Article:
Macro Photography : The lizard C.Kingii by ThompJerry

The frilled-neck lizard is found mainly in the northern regions of Australia and southern New Guinea. The lizard is also, on rare occasions, found in the lower desert regions of Australia. The lizard inhabits humid climates such as those in the tropical savannah woodlands.

The frill-necked lizard is an arboreal lizard, meaning it spends a majority of its time in the trees.[9] The lizard ventures to the floor only in search of food, or to engage in territorial conflicts.[citation needed] The arboreal habitat may be a product of the lizard’s diet, which consists mainly of small arthropods and vertebrates (usually smaller lizards).[citation needed] However, the trees are most importantly used for camouflage. There is not one standard colour: rather, colouration varies according to the lizard’s environment. For example, a lizard found in a dryer, clay filled environment will most likely have a collage of oranges, reds, and browns; whereas a lizard found in a damper, more tropical region will tend to show darker browns and greys. This suggests they are adapted to their habitats; their colors are a form of camouflage.

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Macro Photography : Dumpy tree Frog by ThompJerry

This frog is similar in appearance to the magnificent tree frog (L. splendida), which inhabits only north-western Australia. Older members of that species have very large parotoid glands, which cover the entire top of their heads and droop over their tympana. The parotoid gland of the green tree frog is much smaller, and it also lacks the yellow speckling on the back and the yellow markings on the hand, groin and thigh.

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Macro Photography : The green tree frog by ThompJerry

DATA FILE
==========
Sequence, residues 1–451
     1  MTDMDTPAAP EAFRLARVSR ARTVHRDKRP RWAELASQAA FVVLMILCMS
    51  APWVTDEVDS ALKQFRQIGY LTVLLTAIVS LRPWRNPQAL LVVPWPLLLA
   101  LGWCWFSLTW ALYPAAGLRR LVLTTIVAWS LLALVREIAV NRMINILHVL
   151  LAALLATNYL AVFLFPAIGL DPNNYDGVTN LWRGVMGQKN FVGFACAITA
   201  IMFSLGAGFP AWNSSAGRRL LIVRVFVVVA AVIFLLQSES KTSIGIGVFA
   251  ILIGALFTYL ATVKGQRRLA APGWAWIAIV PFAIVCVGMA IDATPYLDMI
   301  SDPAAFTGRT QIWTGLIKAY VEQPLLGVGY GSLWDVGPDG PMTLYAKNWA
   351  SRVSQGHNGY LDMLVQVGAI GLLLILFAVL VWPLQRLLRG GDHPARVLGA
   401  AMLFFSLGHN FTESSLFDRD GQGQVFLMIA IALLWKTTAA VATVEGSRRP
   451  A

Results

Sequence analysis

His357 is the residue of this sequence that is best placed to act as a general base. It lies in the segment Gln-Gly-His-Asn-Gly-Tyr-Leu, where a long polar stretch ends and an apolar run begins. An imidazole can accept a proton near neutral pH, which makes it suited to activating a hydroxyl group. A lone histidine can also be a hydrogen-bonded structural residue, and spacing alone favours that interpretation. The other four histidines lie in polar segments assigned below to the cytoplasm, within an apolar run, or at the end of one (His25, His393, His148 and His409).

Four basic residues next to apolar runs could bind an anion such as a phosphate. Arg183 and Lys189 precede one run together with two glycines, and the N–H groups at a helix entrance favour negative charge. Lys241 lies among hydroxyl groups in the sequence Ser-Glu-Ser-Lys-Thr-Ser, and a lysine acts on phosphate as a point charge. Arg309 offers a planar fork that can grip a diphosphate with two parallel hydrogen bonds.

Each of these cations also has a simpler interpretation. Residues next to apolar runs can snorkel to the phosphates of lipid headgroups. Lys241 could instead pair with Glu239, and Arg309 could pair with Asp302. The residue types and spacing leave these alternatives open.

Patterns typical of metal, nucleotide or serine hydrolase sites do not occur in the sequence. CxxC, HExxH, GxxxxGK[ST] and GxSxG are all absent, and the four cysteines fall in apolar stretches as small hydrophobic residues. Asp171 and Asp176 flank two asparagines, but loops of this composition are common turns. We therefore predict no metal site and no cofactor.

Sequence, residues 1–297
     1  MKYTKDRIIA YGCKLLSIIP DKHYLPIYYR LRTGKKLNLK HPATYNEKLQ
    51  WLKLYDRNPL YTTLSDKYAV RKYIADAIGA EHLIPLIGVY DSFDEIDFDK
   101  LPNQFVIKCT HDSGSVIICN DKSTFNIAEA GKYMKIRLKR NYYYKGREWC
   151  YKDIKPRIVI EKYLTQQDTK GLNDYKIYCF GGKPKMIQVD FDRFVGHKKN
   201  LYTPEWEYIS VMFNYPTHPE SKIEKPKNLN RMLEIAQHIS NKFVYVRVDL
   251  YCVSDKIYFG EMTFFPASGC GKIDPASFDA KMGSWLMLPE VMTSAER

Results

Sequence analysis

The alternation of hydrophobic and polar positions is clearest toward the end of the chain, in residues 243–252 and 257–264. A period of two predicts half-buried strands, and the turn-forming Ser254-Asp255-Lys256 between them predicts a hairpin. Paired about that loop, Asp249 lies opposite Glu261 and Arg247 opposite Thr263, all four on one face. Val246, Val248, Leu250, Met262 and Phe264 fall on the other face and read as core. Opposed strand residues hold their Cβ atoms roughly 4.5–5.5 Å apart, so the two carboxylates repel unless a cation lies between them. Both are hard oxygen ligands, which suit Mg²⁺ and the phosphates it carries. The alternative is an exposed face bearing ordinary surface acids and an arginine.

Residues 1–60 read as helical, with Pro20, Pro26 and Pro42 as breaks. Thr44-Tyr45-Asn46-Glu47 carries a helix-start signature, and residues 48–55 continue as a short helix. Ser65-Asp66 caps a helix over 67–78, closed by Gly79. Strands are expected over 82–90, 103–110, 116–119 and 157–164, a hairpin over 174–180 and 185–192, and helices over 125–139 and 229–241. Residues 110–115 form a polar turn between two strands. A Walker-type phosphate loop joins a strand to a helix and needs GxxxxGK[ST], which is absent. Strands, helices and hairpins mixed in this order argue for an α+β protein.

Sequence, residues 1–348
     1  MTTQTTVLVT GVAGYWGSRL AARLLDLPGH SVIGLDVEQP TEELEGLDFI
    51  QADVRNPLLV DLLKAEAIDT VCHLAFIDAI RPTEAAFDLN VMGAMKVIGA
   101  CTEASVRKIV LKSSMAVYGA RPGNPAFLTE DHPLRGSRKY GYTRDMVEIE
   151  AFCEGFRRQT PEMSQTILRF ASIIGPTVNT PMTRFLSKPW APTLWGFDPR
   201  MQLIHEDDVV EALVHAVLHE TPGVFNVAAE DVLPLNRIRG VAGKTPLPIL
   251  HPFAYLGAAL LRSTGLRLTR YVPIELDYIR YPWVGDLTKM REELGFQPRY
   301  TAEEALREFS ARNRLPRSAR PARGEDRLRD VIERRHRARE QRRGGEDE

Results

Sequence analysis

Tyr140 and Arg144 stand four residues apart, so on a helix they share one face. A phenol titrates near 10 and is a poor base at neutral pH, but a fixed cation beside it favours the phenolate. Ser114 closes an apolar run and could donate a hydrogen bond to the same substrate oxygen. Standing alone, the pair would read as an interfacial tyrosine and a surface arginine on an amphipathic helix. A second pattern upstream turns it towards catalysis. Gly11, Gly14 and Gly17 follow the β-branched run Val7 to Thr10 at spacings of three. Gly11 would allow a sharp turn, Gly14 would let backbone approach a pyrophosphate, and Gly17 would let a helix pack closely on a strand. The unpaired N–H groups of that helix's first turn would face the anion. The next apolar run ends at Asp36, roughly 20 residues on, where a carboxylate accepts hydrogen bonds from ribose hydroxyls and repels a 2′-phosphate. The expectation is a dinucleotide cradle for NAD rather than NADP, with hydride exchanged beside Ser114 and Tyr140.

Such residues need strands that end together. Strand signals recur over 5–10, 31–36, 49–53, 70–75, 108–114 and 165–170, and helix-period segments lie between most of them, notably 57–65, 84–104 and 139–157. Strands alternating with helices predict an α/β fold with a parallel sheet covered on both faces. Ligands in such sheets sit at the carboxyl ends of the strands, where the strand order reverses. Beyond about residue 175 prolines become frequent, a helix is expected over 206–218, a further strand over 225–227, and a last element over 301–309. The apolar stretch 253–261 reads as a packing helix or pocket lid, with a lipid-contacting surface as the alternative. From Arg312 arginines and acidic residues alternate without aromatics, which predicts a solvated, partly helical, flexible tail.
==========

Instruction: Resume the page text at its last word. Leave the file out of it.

The green tree frog is a plump, rather large tree frog, and can grow up to 11.5 cm (4.5 in) in length, with fully-grown females being slightly larger than males. There is a distinctive fatty ridge over the eye and the parotoid gland is moderately large. The iris is golden and has a horizontal slit pupil, as is typical of the Litoria genus, and the tympanum (a skin membrane similar to an eardrum) is visible just behind the eye. The limbs are short and robust and there are large adhesive discs at the end of the digits which provide grip while climbing. The fingers are about one-third webbed, and the toes nearly three-quarters webbed. The dorsal colour depends on the temperature and nature of the environment, ranging from brownish- or greyish-green to bright emerald green. The frog occasionally has small, irregularly-shaped white spots on its back. Males have a greyish, wrinkled vocal sac under the throat while the throat of females is white. The ventral surface in both sexes is creamy-white and rough in texture.

This frog is similar in appearance to the magnificent tree frog (L. splendida), which inhabits only north-western Australia. Older members of that species have very large parotoid glands, which cover the entire top of their heads and droop over their tympana. The parotoid gland of the green tree frog is much smaller, and it also lacks the yellow speckling on the back and the yellow markings on the hand, groin and thigh.

It can be distinguished from the giant tree frog (L. infrafrenata) by the distinct white stripe that that species has along the edge of the lower jaw and extending to the shoulder, which is not present in the green tree frog.

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